• An F or J nonimmigrant finishes an academic program, does not leave during the respective 60- or 30-day grace period, and does not take any action within the grace period regarding his/her immigration status. The days of unlawful presence accrue on the 61st or 31st day.
• An F or J student/scholar does not report a change in address or new OPT employment within 10 days. The days of unlawful presence accrue on the 11th day.

• Unlawful presence does not accrue before age 18
• Unlawful presence does not accrue before 08/09/2018 unless
        o before 08/09/2018 USCIS or an immigration judge has determined there was a violation;
        o or the date on the I-94 passed before 08/09/2018.
• Unlawful presence also does not accrue in some, other limited circumstances.

There are many questions that ISSS will not be able to answer now because the policy is new, but please contact ISSS with questions.

More information:
Contact an ISSS Advisor
USCIS Policy Memorandum
NAFSA, Accrual of Unlawful Presence and F, J, and M Nonimmigrants

Travel Ban 3.0 in effect (July 9, 2018)

On September 24, 2017, President Trump issued Proclamation 9645 (Travel Ban 3.0). Travel Ban 3.0 is currently in effect, and limits entry to the United States by certain citizens of seven countries: Iran, Libya, North Korea, Syria, Venezuela, Yemen, and Somalia. An eighth country, Chad, was removed from this list effective April 10, 2018. The Travel Ban 3.0 restrictions on the remaining seven countries are country-specific, and tailored to the situation of each individual country. The U.S. Supreme Court upheld Travel Ban 3.0 on June 26, 2018.

Entry into United States with valid visa
Country Immigrant Non-Immigrant (B-1, B-2) Other Non-Immigrant
Iran Suspended Suspended Admissible (F, J, M only)
All others suspended
Libya Suspended Suspended Admissible
North Korea Suspended Suspended Suspended
Syria Suspended Suspended Suspended
Venezuela Suspended No gov't officials
or immediate families
Yemen Suspended Suspended Admissible
Somalia Suspended Suspended Admissible

NOTE:  All visa holders who are admissible are still subject to additional scrutiny and/or enhanced screening requirements.  See Sections 3 and 6 of proclamation for exceptions and waivers.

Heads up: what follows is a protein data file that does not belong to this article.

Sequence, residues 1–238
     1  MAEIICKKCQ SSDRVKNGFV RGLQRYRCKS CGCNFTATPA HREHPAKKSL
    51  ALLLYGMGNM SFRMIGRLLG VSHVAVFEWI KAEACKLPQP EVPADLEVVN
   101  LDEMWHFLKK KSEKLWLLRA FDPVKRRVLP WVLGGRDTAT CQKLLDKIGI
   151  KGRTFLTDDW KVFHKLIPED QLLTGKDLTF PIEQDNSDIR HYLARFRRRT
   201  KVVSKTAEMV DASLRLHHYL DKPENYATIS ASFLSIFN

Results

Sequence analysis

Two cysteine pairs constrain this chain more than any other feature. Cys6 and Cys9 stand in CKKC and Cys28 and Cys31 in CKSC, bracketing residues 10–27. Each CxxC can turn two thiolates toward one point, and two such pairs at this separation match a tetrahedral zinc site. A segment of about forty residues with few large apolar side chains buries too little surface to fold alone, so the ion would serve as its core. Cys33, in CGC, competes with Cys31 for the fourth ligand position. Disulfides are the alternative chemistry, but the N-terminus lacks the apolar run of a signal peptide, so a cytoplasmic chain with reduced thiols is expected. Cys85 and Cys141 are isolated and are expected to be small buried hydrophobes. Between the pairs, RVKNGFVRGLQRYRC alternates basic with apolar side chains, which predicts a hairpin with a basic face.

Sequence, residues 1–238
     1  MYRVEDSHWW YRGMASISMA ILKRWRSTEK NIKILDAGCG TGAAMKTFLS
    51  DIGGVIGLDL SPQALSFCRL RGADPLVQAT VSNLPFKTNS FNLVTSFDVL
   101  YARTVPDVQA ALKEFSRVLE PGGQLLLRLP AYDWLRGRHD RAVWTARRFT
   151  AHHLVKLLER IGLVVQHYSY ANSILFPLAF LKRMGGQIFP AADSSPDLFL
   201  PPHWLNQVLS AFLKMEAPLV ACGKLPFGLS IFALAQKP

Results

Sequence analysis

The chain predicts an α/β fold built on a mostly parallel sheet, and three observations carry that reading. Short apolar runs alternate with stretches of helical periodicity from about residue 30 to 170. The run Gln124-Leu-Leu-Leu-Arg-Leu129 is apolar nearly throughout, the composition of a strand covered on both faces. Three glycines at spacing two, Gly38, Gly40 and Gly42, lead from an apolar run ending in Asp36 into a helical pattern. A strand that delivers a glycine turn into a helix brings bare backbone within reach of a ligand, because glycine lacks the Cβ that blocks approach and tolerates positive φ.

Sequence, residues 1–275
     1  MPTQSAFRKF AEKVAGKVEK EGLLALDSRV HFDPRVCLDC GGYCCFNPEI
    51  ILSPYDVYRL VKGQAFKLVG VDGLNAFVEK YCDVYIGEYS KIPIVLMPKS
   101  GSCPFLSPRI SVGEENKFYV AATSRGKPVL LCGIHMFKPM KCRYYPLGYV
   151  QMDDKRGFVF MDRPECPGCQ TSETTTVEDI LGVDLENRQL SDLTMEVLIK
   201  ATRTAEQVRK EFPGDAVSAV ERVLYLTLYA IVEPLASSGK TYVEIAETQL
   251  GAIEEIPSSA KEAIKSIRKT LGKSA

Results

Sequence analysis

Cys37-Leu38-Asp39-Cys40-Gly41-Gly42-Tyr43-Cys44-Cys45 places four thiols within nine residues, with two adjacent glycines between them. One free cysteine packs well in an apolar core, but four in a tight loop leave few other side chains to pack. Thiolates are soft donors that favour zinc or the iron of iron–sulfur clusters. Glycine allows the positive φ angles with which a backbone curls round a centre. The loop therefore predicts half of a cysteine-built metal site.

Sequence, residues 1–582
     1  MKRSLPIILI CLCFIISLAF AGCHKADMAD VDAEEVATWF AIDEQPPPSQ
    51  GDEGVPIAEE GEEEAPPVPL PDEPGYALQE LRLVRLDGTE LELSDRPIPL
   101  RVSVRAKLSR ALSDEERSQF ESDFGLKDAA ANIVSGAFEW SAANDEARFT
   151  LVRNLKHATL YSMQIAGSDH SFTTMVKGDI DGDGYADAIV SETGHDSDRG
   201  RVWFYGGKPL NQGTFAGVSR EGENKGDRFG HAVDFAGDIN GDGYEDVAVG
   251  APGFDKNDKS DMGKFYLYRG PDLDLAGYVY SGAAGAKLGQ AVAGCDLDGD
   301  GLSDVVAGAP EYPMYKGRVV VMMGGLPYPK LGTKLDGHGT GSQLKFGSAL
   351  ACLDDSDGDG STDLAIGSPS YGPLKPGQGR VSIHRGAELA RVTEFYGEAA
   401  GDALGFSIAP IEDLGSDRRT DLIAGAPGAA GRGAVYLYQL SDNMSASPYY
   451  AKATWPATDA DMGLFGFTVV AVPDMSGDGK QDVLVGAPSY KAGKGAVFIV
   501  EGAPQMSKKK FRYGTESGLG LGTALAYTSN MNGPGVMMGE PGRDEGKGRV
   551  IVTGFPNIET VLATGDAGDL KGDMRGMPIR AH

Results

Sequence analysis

Resources on the recent updates to the Executive Order: 


Useful Websites
Additional Campus Resources

A full list of events and resources can be found on the University of Denver's Diversity & Inclusion website

U.S. Immigration Patterns Over Time: Colorado's International Student Population and Internationalization of Higher Education was a session presented during the Fourth Annual Internationalization.  The presentation provided the audience with information on immigration patterns over time and how to create a more welcoming campus climate for international students.

Health & Counseling Center provides many medical and mental health services. (phone: 303-871-2205; Ritchie Center, 2240 E. Buchtel Blvd., Suite 3N)

Employee Assistance Program provides counseling and support for all University of Denver employees.

The Student Emergency Fund provides limited emergency financial assistance to currently enrolled University of Denver students who are unable to meet immediate, essential expenses because of temporary hardship related to an unexpected situation

Ombuds Office is a confidential and informal resource for any campus community member who may be experiencing difficulties navigating their time at the University. (Jenna Brown, Ombuds; phone: 303-871-4712)

Chaplain Gary Brower works with all members of the DU community on issues ranging from interfaith dialogue to spiritual care and counseling. (phone: 303-871-4488; Driscoll Student Center, South, 2050 E. Evans Ave.)

Campus Safety

Center for Multicultural Excellence

Reporting Bias Incidents, Harassment, Discrimination or Gender-based Violence at DU